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In this course, author Curt Frye shows how to perform a wide range of financial calculations quickly and easily using the many financial functions found in Excel 2010. The course details dozens of functions for evaluating cash flows; calculating depreciation; determining rates of return, bond coupon dates, and security durations; and more.
Most loans, whether between businesses or made by businesses to individual borrowers, are fully amortized. Fully amortized means that the monthly payments made over the term of the loan pay off the principal and all of the accrued interest. In Excel, you can calculate the monthly payments required to pay off a fully amortized loan by using the PMT function. I've set up this workbook so that it has all the arguments that we need for the PMT function to calculate our monthly payment. First is the Rate and this is exactly what you would expect, the annual interest rate.
Next is the Number of periods and that's just the number of payments that you need to make. In this case, it's 12 payments a year over 30 years for 360 payments. Then we have the Present value and that is the amount that you owe and you'll notice that it is represented as a negative number because, as I said, it's the amount that you are owing. Next is the Future value of the loan and this is the amount that you want to end up with after you make your payments. And because this is a fully amortized loan that value is 0. And then finally, you have the Type of payment you're going to be making and that can either be 0 or 1.
If it's 0, you make your payment at the end of a period, for example the last day of the month. If the Type is 1 then you're making your payment at the beginning of a period. That is the first day of the month. So 1 would be May 1st and 0 would be May 30th. So with that information in hand, we can create our PMT function and to do that, just type an equal sign and then pmt and left parenthesis and then we can start identifying the cells that contain the values.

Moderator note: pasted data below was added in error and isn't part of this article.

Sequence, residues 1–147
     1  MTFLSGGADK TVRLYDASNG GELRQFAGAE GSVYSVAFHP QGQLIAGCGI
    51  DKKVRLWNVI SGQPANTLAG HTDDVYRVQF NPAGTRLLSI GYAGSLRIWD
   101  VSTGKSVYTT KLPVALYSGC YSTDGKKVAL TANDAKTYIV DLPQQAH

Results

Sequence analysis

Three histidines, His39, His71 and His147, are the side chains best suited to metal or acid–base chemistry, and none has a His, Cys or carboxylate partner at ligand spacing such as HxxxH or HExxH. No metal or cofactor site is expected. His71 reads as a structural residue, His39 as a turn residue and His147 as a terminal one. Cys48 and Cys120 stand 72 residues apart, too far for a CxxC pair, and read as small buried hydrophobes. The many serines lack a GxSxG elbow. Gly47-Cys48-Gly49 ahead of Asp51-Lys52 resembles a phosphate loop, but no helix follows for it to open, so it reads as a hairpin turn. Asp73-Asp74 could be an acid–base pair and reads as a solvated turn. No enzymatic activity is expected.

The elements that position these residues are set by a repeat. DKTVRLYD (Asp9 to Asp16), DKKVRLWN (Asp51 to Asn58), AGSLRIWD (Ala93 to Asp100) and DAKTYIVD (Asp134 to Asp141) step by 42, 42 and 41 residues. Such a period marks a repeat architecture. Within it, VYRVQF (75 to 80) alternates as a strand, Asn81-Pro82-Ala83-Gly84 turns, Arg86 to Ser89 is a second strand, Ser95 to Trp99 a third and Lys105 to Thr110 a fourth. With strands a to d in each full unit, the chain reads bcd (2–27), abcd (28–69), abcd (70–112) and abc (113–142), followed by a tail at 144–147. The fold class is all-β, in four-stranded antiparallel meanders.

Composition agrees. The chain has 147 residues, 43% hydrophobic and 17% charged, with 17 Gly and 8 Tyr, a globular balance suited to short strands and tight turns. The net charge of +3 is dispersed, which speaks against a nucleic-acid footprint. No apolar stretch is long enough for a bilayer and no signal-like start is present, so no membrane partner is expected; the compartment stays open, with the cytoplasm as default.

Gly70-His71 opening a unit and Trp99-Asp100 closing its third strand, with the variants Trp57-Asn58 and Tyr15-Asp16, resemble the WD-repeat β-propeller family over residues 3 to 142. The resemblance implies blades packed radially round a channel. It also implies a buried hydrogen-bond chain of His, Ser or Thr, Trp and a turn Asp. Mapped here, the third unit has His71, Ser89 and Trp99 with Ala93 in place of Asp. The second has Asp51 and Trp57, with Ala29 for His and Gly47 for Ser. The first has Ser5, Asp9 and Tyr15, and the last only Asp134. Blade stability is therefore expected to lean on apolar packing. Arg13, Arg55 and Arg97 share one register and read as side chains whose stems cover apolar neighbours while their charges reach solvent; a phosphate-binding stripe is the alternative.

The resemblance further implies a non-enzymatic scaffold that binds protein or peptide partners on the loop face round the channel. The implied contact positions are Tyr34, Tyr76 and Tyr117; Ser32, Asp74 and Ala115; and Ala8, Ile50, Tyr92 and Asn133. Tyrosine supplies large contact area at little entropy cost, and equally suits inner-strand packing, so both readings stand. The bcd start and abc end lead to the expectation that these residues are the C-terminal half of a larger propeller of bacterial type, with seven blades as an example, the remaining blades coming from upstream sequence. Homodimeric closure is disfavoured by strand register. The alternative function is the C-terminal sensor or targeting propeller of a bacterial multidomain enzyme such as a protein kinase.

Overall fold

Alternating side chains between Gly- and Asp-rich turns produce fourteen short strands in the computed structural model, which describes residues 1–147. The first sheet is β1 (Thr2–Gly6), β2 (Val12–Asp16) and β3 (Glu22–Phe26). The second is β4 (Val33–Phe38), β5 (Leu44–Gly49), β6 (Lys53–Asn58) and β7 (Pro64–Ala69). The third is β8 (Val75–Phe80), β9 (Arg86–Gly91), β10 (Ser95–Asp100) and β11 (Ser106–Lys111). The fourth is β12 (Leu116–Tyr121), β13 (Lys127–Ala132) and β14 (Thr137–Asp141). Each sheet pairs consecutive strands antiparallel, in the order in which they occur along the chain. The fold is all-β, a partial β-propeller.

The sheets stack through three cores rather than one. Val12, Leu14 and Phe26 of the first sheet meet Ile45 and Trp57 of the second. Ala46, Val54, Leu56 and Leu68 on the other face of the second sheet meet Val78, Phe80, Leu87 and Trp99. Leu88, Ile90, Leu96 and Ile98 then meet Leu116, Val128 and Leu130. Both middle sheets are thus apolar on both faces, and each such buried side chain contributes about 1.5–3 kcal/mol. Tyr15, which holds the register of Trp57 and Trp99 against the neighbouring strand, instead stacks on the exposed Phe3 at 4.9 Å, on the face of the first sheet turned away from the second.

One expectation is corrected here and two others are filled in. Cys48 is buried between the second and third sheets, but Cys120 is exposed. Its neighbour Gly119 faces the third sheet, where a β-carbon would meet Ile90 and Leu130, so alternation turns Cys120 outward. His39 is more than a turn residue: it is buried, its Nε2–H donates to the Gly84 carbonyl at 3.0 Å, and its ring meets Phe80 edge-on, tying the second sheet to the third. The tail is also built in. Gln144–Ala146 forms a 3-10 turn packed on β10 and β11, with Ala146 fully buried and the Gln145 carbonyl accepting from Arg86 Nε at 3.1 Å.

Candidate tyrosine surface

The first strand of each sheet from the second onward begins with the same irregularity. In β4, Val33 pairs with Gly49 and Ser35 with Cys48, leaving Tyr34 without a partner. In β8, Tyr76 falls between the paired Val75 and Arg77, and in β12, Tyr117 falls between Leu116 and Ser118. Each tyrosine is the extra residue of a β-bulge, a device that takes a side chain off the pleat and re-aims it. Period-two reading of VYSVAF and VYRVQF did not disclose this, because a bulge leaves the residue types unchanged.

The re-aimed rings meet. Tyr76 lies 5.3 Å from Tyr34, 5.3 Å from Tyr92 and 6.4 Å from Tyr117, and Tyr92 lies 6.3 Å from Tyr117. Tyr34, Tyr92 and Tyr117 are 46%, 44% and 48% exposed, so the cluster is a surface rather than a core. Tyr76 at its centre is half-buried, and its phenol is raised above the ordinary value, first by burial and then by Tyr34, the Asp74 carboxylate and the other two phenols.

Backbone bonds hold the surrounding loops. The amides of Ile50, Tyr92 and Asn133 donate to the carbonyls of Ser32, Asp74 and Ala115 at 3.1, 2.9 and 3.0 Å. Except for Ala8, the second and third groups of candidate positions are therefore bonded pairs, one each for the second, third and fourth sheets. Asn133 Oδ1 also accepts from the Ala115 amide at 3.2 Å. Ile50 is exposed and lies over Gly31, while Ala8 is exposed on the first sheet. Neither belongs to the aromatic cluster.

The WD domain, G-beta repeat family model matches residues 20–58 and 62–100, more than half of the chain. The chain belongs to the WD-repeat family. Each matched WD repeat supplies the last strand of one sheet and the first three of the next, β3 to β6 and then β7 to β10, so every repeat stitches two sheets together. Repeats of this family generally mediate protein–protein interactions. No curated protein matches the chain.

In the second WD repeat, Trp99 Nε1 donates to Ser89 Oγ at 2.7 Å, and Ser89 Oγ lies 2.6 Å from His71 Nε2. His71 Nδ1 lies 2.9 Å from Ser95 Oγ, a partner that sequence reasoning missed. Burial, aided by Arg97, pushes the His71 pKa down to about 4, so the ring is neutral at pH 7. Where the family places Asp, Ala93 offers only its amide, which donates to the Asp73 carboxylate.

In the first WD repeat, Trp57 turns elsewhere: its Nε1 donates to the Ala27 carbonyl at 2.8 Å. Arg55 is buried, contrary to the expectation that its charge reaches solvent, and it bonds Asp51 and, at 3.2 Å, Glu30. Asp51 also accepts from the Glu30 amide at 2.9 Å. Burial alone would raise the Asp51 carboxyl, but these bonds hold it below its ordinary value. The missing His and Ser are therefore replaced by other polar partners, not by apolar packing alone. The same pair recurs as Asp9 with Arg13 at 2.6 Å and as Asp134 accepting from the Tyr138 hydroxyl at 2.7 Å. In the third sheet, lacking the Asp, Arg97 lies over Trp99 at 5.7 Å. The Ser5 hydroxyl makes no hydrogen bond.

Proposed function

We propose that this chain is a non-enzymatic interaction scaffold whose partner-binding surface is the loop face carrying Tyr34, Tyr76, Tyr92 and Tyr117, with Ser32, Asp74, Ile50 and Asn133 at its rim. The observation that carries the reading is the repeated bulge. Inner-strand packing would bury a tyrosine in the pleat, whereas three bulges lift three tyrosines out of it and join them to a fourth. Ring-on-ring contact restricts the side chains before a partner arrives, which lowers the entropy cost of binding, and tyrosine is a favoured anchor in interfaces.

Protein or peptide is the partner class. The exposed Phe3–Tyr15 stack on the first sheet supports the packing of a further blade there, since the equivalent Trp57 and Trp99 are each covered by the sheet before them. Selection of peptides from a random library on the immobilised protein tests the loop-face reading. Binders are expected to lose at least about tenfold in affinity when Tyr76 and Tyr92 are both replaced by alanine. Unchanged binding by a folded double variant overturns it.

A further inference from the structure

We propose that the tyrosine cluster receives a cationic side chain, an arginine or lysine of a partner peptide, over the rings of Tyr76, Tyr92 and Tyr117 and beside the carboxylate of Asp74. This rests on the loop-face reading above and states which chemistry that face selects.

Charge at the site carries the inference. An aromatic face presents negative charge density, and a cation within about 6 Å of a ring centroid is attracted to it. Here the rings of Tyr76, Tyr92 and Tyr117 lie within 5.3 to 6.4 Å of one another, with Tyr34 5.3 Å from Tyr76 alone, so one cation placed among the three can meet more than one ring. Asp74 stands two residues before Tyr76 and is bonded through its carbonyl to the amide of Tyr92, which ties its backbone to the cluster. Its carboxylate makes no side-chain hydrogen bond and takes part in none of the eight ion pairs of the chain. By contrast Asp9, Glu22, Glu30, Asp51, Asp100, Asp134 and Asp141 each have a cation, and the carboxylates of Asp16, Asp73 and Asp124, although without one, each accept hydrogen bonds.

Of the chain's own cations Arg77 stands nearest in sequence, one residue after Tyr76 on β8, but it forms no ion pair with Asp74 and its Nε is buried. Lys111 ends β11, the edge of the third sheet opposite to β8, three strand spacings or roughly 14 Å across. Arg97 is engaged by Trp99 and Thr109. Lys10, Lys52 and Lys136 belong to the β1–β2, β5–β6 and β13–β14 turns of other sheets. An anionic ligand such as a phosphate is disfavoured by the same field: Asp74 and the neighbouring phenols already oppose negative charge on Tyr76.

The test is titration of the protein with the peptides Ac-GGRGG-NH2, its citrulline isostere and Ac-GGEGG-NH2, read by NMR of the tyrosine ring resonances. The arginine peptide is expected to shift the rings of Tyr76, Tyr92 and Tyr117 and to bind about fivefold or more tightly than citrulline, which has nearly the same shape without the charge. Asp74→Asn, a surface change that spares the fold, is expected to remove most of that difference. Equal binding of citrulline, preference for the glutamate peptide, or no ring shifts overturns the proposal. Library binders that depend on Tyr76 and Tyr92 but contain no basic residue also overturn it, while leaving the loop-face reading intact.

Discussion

The rate is in cell c3, but because it's an annual rate and we're going to be making monthly payments, we need to divide it by 12. So /12 and then a comma, then we have a number of periods which is in c4, comma, present value is in cell c5, comma, and then if you look at the tooltip underneath the formula that I'm entering, you'll see that the future value and type arguments are enclosed in square brackets. The square brackets indicate that those arguments are optional.
You don't have to provide a value for them. In this case, Excel would assume that the future value is 0 and that the type is also 0, but because this is the first time through I'll go ahead and add those arguments just for completeness. So future value is in c6, comma, and type is in c7. Type a right parenthesis and check over the formula. Everything looks good. Press Enter and we see that our monthly payment will be a little bit over $3100.
Now let's see how that would change if we made our payment at the beginning of a period instead of at the end. To do that, we change the Type from 0 to 1. So our payment in cell C10 is a little bit over $3100. Change the Type to 1 to pay at the beginning of the month and it goes down by about $14. Now that doesn't seem like a lot, but over 360 payments it comes out to a bit over $3750. The PMT function only calculates a monthly payment to cover principal and interest.
Many loans have other charges included such as property taxes and perhaps private mortgage insurance. So you should be sure to include those other fees and charges when you calculate your loan payments.
Find answers to the most frequently asked questions about Excel 2010: Financial Functions in Depth.
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